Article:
Michael Weber: Newhouse Student to Academy Award Nominee

By Sajida Ayyup

For his most recent screenplay, Michael Weber found himself taking notes from Tommy Wiseau, the man widely recognized for creating one of the worst films ever made. The screenplay written by Weber and his partner, however, was nominated for the prestigious Academy Award for Best Adapted Screenplay. And although “The Disaster Artist” didn’t win the award, the film, which poked fun at Wiseau and his mess of a movie, did earn Weber and his partner the Hollywood Screenwriter Award.

Last week, Weber returned to his old stomping grounds at Syracuse University’s S.I. Newhouse School of Public Communications to talk to current students about his career.

Since graduating from Syracuse, Weber has gone on to work as a screenwriter for films like “Paper Towns” (2015), “The Fault in Our Stars” (2014) and “The Spectacular Now” (2013).

While studying Television, Radio and Film at Newhouse, Weber watched at least three films a day. But still, he never imagined he would be a screenwriter or executive producer.

“I was just dabbling in so many different things,” Weber reminiscenced about his days in college. “When I started seeing what screenplays looked like, I was like, ‘Oh, I’ll try that,’ not thinking that I would be doing it this many years later.”

Born in New York City, Weber said he never considered moving to Los Angeles, even though it’s known as the hub of film-making. After graduation, he decided to move back to New York City where he has spent much of his career. Just like he did himself, Weber told the audience to “live in a place where you’re going to get your best writing done.”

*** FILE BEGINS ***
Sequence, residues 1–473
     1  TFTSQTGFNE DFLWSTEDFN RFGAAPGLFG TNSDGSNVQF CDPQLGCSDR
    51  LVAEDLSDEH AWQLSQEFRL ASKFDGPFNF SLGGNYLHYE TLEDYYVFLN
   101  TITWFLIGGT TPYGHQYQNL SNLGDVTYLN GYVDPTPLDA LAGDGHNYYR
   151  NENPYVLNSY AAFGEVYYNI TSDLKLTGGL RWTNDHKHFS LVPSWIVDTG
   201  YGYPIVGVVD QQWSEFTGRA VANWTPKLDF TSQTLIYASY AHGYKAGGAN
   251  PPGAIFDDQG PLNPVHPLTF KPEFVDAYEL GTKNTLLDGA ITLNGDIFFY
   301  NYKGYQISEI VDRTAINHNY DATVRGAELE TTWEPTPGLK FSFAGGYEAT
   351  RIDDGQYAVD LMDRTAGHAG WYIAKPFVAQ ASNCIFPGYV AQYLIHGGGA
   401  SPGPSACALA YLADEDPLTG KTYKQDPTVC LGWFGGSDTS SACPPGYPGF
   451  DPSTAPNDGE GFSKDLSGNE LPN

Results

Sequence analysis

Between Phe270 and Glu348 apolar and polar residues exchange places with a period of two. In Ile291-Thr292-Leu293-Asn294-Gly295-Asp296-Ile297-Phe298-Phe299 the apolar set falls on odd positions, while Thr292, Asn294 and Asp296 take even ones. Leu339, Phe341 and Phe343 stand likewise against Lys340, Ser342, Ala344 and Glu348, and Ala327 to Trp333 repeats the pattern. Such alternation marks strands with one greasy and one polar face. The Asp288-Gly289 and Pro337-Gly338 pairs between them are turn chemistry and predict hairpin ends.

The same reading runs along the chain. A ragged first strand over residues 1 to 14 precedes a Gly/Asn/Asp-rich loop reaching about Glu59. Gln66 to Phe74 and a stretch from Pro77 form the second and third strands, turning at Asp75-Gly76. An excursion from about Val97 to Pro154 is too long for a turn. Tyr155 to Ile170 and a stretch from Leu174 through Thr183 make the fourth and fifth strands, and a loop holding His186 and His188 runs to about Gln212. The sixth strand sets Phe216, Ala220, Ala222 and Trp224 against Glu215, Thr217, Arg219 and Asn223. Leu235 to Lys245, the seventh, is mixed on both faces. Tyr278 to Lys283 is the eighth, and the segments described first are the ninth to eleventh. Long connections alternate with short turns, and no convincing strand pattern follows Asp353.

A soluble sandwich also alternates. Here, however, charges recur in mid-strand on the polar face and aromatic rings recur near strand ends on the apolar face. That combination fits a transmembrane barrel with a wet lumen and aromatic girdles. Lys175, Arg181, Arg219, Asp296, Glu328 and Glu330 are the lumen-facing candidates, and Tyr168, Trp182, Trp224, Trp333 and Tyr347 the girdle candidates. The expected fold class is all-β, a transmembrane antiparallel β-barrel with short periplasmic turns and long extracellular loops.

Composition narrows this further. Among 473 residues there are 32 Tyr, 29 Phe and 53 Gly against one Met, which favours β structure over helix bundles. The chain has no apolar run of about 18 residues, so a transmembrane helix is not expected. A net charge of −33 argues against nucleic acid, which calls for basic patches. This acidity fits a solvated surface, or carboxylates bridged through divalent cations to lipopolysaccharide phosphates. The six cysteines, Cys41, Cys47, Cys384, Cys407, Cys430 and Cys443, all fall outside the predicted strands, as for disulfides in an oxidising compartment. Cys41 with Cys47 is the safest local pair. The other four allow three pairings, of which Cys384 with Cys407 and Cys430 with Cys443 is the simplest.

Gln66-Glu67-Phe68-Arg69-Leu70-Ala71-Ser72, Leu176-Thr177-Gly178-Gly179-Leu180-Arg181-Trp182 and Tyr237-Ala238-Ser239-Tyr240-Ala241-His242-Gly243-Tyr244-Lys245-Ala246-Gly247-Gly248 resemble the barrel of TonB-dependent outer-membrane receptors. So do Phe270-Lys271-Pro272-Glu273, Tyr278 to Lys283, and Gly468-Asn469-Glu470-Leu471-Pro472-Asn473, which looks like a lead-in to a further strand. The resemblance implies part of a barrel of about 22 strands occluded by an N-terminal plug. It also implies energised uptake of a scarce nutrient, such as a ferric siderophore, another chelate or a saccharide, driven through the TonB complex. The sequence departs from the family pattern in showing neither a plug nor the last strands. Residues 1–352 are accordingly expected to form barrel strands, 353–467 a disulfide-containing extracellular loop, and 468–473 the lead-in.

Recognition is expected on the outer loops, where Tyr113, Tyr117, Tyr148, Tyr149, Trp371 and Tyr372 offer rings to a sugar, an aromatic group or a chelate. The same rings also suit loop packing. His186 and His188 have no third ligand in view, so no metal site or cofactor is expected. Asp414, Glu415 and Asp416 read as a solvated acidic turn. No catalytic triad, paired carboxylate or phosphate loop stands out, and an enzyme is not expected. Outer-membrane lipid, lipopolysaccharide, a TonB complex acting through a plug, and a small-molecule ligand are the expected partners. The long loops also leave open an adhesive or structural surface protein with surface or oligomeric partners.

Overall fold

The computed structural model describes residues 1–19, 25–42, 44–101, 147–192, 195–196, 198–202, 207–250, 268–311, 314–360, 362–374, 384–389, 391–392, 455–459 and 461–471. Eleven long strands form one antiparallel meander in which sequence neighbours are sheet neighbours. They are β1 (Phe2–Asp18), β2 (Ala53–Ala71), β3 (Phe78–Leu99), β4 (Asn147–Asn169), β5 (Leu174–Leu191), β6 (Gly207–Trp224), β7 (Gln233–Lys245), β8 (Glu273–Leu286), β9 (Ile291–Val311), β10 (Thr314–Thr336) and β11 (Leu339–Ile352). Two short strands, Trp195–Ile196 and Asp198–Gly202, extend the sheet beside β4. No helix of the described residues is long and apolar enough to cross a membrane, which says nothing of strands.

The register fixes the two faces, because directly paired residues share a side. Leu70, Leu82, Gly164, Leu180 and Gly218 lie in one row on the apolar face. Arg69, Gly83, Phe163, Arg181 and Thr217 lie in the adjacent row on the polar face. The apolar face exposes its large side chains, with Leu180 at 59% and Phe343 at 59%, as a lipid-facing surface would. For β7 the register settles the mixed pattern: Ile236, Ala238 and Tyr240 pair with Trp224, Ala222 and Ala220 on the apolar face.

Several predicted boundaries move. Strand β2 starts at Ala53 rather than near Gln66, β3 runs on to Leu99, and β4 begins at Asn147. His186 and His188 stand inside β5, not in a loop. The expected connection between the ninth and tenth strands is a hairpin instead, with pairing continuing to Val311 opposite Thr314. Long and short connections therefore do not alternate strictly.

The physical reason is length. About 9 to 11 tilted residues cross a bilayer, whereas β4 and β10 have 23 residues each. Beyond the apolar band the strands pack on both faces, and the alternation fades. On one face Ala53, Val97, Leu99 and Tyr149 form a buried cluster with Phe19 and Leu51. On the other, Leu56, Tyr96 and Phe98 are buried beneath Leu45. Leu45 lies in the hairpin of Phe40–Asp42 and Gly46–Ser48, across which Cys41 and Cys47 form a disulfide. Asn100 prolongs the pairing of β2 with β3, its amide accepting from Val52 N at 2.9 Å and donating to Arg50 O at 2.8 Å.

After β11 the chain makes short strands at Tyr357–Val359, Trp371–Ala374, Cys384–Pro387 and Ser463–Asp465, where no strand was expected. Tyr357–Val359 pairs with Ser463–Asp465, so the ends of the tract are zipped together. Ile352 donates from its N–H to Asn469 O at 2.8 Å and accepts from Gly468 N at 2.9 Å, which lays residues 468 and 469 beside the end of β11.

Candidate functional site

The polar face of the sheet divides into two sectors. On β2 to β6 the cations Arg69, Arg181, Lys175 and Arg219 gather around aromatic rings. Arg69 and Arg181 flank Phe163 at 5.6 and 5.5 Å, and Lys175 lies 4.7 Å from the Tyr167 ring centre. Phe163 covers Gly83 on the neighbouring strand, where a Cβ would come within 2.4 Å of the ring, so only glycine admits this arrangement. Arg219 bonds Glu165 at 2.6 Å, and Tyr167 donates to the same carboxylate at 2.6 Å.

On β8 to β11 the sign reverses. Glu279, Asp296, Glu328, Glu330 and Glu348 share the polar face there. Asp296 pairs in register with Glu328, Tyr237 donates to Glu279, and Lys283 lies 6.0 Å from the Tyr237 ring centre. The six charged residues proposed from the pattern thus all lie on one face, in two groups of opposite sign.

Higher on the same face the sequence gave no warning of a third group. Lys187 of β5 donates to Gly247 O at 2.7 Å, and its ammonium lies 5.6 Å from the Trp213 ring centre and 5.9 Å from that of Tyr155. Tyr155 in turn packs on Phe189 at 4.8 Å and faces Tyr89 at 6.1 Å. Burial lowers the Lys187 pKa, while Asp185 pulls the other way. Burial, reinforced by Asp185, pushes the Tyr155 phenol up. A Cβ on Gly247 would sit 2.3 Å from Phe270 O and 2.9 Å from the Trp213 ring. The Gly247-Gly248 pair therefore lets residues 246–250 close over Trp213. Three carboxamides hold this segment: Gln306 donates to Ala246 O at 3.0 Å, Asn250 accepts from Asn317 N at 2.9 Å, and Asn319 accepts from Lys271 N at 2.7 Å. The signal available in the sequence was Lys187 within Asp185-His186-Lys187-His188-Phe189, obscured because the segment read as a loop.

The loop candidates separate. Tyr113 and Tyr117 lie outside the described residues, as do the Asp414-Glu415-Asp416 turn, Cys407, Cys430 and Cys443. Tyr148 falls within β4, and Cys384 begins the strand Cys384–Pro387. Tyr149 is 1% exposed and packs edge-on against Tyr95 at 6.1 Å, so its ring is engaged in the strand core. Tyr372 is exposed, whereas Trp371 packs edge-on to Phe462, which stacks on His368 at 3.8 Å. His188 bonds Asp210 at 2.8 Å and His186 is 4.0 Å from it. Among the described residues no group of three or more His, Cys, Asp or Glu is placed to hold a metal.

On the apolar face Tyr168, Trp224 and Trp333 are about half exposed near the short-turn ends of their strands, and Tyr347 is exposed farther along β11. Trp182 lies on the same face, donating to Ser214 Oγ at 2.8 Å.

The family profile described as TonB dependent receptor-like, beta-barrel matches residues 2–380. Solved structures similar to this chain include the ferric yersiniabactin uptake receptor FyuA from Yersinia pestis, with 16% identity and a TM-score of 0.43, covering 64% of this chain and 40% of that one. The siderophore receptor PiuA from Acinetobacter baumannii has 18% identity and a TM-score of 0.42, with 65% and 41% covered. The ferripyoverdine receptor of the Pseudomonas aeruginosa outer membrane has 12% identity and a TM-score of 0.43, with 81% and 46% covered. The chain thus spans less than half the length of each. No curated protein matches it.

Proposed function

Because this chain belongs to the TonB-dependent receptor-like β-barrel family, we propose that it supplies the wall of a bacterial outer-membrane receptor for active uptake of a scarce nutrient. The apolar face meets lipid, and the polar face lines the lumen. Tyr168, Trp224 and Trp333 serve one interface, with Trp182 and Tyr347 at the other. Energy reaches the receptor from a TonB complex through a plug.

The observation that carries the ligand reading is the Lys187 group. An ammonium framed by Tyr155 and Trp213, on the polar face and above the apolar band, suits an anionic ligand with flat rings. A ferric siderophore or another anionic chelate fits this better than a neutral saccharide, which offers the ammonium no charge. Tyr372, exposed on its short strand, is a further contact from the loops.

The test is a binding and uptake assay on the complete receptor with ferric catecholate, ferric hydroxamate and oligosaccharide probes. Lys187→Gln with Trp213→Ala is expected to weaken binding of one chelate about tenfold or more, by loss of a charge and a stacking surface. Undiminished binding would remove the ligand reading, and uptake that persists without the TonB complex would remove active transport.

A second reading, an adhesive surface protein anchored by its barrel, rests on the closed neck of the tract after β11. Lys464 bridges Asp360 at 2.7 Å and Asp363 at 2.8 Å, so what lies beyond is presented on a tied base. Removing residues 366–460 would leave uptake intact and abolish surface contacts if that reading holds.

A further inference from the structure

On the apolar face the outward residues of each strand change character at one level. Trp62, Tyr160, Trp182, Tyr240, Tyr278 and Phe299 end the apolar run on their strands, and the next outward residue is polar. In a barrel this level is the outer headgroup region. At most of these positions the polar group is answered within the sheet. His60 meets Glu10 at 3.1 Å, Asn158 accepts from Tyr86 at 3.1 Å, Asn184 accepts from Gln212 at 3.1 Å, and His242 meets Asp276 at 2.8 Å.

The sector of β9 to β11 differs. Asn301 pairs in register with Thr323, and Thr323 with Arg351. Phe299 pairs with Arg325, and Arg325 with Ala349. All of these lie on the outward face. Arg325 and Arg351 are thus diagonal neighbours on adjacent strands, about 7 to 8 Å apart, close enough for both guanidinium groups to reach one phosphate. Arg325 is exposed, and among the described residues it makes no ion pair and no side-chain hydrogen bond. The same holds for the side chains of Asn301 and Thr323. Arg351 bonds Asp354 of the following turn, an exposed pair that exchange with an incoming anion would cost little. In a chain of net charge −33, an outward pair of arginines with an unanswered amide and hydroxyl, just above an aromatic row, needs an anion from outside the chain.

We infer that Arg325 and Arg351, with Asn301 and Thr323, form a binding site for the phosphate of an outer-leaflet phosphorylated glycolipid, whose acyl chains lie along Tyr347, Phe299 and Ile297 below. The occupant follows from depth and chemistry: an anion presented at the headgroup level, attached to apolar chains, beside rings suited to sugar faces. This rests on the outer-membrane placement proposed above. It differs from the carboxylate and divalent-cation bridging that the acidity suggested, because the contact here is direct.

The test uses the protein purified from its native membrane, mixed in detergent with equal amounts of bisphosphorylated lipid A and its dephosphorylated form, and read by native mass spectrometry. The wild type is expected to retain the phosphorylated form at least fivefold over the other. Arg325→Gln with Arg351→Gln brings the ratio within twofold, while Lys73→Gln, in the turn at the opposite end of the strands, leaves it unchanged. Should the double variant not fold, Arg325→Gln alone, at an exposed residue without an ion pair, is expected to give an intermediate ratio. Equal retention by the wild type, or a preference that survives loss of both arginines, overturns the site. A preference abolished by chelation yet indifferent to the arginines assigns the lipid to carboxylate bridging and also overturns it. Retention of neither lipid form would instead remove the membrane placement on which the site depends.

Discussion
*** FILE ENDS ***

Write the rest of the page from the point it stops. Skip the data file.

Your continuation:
While working at TriBeCa Productions in New York City, Weber realized he had to change something about his writing for it to be noticed.

“Working just enough hours to qualify for health insurance and then I could have the rest of my time to write, I was not saving anything. I was in crazy debt. I had no connections anywhere. I was making somewhere [between] 15 to 19 thousand dollars a year,” Weber shared. “And, whatever. I was just going to write.”

Weber met his writing partner, Scott Neustadter, at TriBeCa where they occasionally escaped to the roof and talked about scripts. It was there that they realized their writing could actually be produced.

“The industry is so starved for halfway decent work and new voices,” Weber said. “What passes as acceptable will shock you.”

The first screenplay that Weber and Neustadter sold, (500) Days of Summer, went on to be Fox Searchlight’s highest grossing film of the year.

Weber’s presentation at Newhouse gave a peek into the film industry to students who are hoping to join production houses for internships or for full time jobs after graduating. When he opened the floor to the audience for questions, one student asked how it was to work on “The Disaster Artist.”

Listening to Weber speak about his experience on the set of “The Disaster Artist” was like watching a film in itself. He said that he’s an introvert, lacking the confidence to approach people, but that didn’t seem like the case during his presentation. His articulation left the audience a bit spellbound, especially his James Franco impression of Tommy Wiseau which sent the audience into a roar of laughter.

From serving at Robert De Niro’s assistant at Tribeca to be credited for “The Pink Panther 2,” Weber has worked hard for recognition in his field.

“Look, a lot of people want to do this,” Weber said. “I don’t say that to you as in, like, ‘don’t do it.’  Do it. The machine you have to build within yourself- you’re going to spend the bulk of your twenties figuring this out.”

The screenwriter ended his presentation with some words of wisdom for the students in the audience.

“Continue to make writing more important than a few more things in your life,” Weber said. “Get in the habit of doing it when you have no good ideas and you’re tired, when you’re super dizzy or you’re hungover. Go out of your way to write on those days because you’re going to get that much closer to a better writing session.”

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